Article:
QUOTE:Â Windows 8 promises to be much more secure than Windows 7 â€” so much so that some users might not like it.Â Chris Valasek, a researcher with the San Francisco security firm Coverity, has been playing with the developer preview version of Windows 8 since last fall.Â He told the British tech blog the Register that while the internal structure is not too different from that of Windows 7, there are a few new features that will nonetheless beef up Windows 8′s security considerably.
App store – New Windows 8 Apps will be contained by a much more restrictive security sandbox
Internet Explorer 10 — Locking down the browser with improved Flash & Java protection and other safeguards
Secure Boot — It means that all installed operating systems, whether on a hard drive or on an optical drive, will be checked for digital certificates of authenticity before they’re allowed to start the machine.
Windows Defender — Windows 8 will have a Microsoft first â€” a built-in anti-virus software installation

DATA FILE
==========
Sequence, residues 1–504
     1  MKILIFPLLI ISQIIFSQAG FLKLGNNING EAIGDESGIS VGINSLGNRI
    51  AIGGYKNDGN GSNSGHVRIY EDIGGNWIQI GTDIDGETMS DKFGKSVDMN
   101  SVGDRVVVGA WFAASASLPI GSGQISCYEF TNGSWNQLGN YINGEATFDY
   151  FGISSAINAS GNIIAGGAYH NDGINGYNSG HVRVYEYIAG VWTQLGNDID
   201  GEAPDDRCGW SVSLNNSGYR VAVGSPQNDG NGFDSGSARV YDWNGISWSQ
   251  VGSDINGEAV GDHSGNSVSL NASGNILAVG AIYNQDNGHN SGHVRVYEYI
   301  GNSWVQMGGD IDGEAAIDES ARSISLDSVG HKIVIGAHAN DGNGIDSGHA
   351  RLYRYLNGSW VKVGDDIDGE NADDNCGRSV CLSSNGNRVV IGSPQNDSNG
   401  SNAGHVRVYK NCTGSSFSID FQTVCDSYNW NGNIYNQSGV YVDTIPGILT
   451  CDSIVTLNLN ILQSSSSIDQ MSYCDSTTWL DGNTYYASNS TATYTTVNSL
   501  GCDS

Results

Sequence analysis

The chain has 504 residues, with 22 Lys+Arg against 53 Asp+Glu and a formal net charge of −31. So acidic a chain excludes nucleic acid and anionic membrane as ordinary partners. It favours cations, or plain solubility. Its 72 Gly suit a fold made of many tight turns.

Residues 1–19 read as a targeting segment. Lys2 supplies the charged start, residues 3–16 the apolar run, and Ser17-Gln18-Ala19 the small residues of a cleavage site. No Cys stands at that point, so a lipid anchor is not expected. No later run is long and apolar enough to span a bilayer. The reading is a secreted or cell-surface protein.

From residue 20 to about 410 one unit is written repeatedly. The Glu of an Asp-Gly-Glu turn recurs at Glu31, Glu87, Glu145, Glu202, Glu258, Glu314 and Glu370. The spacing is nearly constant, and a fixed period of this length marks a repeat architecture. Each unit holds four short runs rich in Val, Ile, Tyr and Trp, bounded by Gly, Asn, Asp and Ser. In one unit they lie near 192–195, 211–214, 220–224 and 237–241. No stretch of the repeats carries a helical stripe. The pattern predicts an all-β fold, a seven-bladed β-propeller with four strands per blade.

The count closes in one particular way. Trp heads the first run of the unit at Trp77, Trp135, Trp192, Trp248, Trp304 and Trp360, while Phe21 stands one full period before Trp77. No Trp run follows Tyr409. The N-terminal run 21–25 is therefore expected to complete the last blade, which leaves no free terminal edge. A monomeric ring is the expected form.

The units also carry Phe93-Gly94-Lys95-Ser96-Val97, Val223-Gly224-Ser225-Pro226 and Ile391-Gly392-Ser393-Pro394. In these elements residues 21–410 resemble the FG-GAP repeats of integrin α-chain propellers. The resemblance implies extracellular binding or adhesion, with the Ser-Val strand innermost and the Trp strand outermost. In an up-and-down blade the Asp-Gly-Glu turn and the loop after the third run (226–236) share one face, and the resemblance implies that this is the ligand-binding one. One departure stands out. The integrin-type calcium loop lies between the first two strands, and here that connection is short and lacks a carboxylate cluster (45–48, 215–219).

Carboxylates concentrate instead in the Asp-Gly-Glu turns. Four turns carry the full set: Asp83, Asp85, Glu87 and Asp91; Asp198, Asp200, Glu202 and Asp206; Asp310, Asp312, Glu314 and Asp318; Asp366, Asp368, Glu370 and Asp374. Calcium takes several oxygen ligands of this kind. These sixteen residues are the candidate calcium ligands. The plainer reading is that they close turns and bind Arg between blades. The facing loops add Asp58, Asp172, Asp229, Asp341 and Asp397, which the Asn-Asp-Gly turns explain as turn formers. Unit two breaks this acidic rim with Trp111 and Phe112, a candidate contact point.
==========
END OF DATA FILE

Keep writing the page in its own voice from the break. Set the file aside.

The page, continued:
DSNChanger Malware – FBI will take infected PCs offline on 07/09/2012 http://www.securitynewsdaily.com/2030-dnschanger-deadline.html
DNS-CHANGER MALWARE test site (if you see REDÂ your PC may be infected … GREEN indicates no infection is present)
QUOTE: In 10 days, there’s a chance you will not be able to access the Internet on your personal computer. No email, no Facebook, no Google, no Twitter â€” nothing.Â This potentially dire situation is due to the nasty DNSChanger Trojan, and the fateful date of July 9, on which the FBI is set to take all computers still infected with the malware offline for good.Â
Launched by Estonian cybercriminals, the DNSChanger malware infected Windows PCs, Macs and routers across the world and enabled the crooks to hijack victims’ Web traffic and reroute it to rigged sites.Â After the FBI, in “Operation Ghost Click,” busted the criminals last November, the FBI set up surrogate servers to keep the computers infected with the Trojan temporarily online so users could clean them.
But on July 9, those surrogate servers are coming down.Â In his Krebs on Security blog, researcher Brian Krebs cites a statistic from the DNSChanger Working Group, which estimates that more than 300,000 computers are still infected with the malware.
QUOTE: Nmap 6.01 source code and binary packages for Linux, Windows, and Mac are available at:
Here are the changes in 6.01:
o [Zenmap] Fixed a hang that would occur on Mac OS X 10.7. A symptom of the hang was this message in the system console:Â
o [Zenmap] Fixed a crash that happened when activating the host filter.Â Â Â
o Fixed an error that occurred when scanning certain addresses likeÂ 192.168.0.0 on Windows XP:Â Â Â